How to grow The List Fragrant Camellias

Fragrant Camellias

Photo - Linda Ross

Camellias are the shining stars of the sleepy winter garden. 


We love them for their evergreen foliage, stunning flowers and lack of pest and disease problems. But why not love them for their fragrance too?


Not many camellias are perfumed, but take a look – and a deep breath – at these. 



For a tall option try ‘High Fragrance’.



Medium-height scented beauties include Lutchuensis, ‘Scentuous’ and ‘Koto No Kaori’; 



Smaller selections include ‘Spring Mist’ and ‘Sweet Emily Kate’.


Text: Linda Ross


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Catherine Rivett commented on 02 Aug 15

Just hoping Graham could address the issue of severe loss and grieving for gardening which many of us face after divorce, having to downsize due to financial situations and also aging. I am sure there are many of us out there and only true garden lovers who have spent most of their lives busy in beautiful large gardens that provide opportunities to embrace new and wonderful plants each year, collections, vegies, pots and garden design would know and understand how deep the loss can run. Real depression can set in and a sense that there is nothing to inspire you to get up each day sets in. Yes people say join a garden club but that onlt rubs salt in the wound as you see and listen to all those who still have what you no longer do.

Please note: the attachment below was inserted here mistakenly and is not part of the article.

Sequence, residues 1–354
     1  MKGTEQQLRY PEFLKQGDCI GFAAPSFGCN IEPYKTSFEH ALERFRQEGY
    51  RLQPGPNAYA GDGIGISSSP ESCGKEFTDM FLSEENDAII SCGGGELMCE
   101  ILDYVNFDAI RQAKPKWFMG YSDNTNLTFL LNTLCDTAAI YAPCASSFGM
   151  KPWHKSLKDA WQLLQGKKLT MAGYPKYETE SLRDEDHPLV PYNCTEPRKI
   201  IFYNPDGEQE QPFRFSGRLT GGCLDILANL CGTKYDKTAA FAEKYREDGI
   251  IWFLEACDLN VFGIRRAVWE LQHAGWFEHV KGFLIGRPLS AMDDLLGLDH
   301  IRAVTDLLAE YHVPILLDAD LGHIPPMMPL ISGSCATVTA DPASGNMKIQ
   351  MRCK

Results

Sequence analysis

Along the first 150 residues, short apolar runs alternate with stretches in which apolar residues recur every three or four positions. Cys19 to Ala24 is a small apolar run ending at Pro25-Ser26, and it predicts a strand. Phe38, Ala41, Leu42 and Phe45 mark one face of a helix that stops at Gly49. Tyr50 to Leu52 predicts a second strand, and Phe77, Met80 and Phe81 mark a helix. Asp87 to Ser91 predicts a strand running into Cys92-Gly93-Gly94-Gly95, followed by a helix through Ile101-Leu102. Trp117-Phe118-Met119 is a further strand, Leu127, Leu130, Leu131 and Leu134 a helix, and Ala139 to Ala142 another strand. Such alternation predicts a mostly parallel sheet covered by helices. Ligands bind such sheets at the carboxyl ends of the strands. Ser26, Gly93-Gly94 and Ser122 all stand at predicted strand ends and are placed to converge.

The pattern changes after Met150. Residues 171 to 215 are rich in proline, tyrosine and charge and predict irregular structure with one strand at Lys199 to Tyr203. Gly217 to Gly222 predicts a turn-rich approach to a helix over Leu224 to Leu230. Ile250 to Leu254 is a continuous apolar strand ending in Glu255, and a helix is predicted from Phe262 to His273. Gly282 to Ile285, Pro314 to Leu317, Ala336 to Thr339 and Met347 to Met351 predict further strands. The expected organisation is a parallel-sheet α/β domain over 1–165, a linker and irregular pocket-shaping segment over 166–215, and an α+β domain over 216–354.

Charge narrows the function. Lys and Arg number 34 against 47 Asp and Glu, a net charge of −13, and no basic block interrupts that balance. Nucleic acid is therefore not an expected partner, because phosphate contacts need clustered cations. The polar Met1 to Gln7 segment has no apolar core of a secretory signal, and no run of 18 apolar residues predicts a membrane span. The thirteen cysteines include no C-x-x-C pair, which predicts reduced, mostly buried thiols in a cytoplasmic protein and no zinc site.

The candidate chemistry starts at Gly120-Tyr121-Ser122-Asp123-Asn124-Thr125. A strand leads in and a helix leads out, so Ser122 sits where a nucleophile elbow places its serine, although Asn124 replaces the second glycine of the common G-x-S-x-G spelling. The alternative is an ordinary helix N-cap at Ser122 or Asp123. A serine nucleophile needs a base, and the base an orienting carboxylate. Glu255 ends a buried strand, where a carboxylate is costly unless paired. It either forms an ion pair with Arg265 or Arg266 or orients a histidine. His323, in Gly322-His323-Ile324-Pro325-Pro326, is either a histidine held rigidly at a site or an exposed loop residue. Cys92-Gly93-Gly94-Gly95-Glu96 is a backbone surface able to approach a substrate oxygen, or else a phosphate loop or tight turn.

I have been battling this demon for the last 2 years with a feeling that there is nothing left of the real me. Yes I have a yard and I have planted some trees and put in some roses but it is very restrictive when I have had a passion for gardening for the past 40 years or more. When I see trees and plants I would love I know I cant have them because they just wont go in my yard.
I have been overseas to Chelsea, Butchart gardens, the gardens of France etc but still I have to come home to this town block after having had 4 acres of gardens with 300 roses and room to plant and do whatever inspired me.
Hoping you can look into this to help all of us out here who are dealing with this. I might add that to compound the issue, many of us are now over 50 and are also living alone due to death or divorce of partners. I am sure that those who still have this support would at least be able to cope much better.
Your website and the garden clinic radio programme help me cling to a sense of still being emersed in my garden but it is very very difficult.

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Author: Linda Ross